Prof. Dr. Shamima Rahman
Professor of Paediatric Metabolic Medicine, UCL Great Ormond Street Institute of Child Health.
Prof. Shamima Rahman holds an honorary consultant appointment at Great Ormond Street Hospital (GOSH) and the National Hospital for Neurology, London, UK, where she sees children and adults affected by mitochondrial diseases as part of the NHS Specialised National Clinical Service for Rare Mitochondrial Disorders.
Prof. Rahman trained in medicine at the University of Oxford and in Paediatrics at the Royal Hospital for Sick Children, Bristol, and GOSH, before taking up a Royal Children’s Hospital Research Foundation Scholarship at the Murdoch Institute, Melbourne, Australia.
On returning to England in 1994 she completed paediatric training at the John Radcliffe Hospital, Oxford, prior to a Medical Research Council Clinical Training Fellowship at the UCL Great Ormond Street Institute of Child Health (ICH), to undertake a PhD entitled ‘The Molecular Basis of Cytochrome Oxidase Deficiency in Childhood’. In 2000, she completed specialist training in paediatric metabolic medicine during a Clinical Lectureship at the ICH.
In 2006 Prof. Rahman was awarded a DH/HEFCE Best Research for Best Health Clinical Senior Lectureship.
Prof. Dr. Anu Suomalainen Wartiovaara
Academy Professor in Clinical Molecular Medicine, Faculty of Medicine, University of Helsinki; Chief Physician, HUSlab Helsinki University Hospital, Helsinki, Finland.
Dr. Anu Suomalainen Wartiovaara is Sigrid Jusélius Professor of Molecular Medicine at the University of Helsinki and the director of the Molecular Neurology Research Program at the Biomedicum-Helsinki Research Institute. She trained at the University of Helsinki, as well as at Columbia University in New York City, USA and McGill University in Montreal, Canada. She has also served as a visiting professor at the University of California, Berkeley, USA. Her research group, which focuses on the combination of basic biological approaches to clarify molecular pathogenesis of disease, belongs to the FinMIT Centre of Excellence of the Academy of Finland.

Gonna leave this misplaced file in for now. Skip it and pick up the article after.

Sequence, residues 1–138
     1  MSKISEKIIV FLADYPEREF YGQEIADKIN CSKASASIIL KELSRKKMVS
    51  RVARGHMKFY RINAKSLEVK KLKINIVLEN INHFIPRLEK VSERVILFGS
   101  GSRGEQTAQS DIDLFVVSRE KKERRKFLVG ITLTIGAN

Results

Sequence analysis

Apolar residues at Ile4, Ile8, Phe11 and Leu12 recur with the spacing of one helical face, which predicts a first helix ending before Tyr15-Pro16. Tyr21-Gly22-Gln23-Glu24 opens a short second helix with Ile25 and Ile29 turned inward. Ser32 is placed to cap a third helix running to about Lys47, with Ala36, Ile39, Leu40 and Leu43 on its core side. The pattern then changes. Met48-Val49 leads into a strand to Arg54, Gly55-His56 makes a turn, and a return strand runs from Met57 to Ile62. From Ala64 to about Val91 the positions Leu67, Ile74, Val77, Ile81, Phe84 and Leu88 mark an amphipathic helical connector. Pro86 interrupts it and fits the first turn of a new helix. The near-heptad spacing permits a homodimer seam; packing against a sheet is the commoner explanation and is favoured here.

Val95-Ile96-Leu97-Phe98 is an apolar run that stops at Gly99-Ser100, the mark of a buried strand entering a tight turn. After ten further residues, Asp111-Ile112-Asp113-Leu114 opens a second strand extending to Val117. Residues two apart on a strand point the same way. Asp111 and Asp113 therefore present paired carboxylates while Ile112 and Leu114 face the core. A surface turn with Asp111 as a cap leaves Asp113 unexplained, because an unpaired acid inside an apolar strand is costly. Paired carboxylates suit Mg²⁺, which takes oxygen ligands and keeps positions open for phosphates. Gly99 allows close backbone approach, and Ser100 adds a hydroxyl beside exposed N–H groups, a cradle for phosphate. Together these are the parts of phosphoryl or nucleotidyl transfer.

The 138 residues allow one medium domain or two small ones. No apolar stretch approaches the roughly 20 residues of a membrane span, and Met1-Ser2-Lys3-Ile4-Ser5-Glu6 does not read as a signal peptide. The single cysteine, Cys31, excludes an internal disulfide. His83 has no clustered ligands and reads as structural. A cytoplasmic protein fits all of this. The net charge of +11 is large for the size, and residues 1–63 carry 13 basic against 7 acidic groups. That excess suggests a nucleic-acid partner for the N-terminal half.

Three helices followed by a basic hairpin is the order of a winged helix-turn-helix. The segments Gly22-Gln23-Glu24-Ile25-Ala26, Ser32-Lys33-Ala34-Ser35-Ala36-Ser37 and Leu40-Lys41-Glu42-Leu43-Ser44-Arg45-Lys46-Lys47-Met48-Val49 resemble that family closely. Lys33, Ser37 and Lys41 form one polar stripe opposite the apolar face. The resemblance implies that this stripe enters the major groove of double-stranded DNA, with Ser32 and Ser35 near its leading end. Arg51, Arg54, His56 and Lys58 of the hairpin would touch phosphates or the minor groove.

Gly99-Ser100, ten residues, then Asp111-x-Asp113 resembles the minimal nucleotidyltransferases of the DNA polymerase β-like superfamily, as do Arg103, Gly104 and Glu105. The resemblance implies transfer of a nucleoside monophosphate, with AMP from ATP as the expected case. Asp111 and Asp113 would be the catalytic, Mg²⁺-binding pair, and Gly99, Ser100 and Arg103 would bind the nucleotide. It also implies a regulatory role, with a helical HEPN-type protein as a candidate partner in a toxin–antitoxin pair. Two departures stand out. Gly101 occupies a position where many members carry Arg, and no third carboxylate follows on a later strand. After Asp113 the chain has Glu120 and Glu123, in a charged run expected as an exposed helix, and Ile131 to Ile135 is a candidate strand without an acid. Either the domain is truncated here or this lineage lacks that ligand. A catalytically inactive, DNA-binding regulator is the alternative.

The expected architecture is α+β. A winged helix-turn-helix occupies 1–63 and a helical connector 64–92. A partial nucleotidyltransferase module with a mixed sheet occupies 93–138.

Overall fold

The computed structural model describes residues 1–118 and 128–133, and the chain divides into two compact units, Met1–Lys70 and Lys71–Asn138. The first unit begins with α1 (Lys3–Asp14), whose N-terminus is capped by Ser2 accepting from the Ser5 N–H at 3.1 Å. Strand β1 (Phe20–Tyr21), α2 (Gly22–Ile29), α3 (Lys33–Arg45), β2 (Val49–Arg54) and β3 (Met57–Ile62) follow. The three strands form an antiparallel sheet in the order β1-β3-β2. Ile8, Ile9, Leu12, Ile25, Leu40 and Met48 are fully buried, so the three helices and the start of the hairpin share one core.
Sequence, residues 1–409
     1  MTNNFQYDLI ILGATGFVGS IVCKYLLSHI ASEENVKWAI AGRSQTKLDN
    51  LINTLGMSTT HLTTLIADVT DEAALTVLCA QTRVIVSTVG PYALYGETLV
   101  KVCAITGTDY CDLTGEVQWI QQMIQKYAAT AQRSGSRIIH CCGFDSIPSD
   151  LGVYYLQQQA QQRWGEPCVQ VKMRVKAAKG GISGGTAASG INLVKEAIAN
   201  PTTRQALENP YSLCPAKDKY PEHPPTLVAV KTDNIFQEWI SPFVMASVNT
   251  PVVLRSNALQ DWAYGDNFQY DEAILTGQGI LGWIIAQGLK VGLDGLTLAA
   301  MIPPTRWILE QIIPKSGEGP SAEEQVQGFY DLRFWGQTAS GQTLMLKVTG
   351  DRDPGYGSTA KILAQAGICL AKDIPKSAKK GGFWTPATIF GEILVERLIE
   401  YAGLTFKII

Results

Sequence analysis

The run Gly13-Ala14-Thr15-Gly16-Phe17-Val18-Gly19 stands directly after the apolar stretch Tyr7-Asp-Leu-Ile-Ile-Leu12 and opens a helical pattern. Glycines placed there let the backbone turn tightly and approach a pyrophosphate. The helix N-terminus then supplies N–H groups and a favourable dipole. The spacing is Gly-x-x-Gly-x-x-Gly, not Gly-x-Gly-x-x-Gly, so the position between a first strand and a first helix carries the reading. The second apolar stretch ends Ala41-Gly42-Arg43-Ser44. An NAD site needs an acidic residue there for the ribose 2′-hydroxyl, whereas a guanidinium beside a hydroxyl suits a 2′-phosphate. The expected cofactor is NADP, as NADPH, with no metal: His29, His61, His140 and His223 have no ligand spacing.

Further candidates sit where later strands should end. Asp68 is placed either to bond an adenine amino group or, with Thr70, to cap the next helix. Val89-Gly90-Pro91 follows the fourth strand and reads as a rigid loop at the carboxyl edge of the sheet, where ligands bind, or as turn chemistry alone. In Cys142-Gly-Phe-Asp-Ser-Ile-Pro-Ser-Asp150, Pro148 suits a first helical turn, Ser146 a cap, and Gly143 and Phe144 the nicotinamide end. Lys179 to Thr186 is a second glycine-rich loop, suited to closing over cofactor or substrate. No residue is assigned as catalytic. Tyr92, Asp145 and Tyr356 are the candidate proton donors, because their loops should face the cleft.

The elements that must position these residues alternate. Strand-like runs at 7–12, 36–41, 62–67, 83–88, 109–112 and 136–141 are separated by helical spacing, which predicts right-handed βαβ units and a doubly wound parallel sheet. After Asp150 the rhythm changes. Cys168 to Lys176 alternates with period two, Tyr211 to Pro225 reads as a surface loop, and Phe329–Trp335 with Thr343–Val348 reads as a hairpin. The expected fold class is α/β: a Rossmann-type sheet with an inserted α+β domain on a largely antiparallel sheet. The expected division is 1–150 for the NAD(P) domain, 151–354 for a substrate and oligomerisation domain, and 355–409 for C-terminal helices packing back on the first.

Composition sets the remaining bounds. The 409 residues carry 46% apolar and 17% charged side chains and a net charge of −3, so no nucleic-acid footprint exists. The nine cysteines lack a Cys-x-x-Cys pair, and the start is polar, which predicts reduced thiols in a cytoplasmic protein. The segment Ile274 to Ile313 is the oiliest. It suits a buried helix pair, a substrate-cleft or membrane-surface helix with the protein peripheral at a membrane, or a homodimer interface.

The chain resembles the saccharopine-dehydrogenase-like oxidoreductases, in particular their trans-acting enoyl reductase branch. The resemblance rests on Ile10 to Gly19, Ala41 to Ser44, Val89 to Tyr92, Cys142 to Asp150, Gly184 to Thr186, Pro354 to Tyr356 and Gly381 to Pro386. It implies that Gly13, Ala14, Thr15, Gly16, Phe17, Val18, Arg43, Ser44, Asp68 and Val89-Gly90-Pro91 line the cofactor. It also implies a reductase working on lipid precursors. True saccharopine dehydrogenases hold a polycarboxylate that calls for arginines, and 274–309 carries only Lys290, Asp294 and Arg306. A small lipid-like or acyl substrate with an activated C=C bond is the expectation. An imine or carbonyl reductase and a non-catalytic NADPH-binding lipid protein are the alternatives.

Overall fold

Dr. Suomalainen Wartiovaara’s scientific mission is to develop cures for progressive mitochondrial disorders of the brain and muscle that are currently untreatable. To achieve this goal, her group has generated a wide selection of disease models, both model organisms and human materials, and utilises these to clarify molecular pathogenesis. Their recent data show that primary mitochondrial dysfunction modifies major biosynthetic pathways in the cytoplasm and affects cell differentiation pathways and genome maintenance in cell-autonomous and non-autonomous manners. The pathways have relevance for neurodegenerative disorders and offer variable targets for intervention.
Khondrion is supported by a group of strategic supporters including the Dutch Foundations Energy4All, Join4Energy, Road4Energy, Ride4Kids, Tim Foundation, and Zeldzame Ziekten Fonds, Khondrion has also received funding from National and European Governments, including from the EU Horizon 2020 SME Instrument phase 2 program and EFRO (Europees Fonds voor Regionale Ontwikkeling) of the European Union.
EU Horizon 2020 SME grant
In July 2018, Khondrion was awarded €2.3M from the highly competitive EU Horizon 2020 SME instrument program (grant agreement nr 830115). The Khon2btreat grant will be used for the execution of a phase 2b dose-finding clinical trial with KH176 in adults with mitochondrial disease and the delivery of the milestones allowing for financing of the pivotal Phase 3 clinical trial for market approval.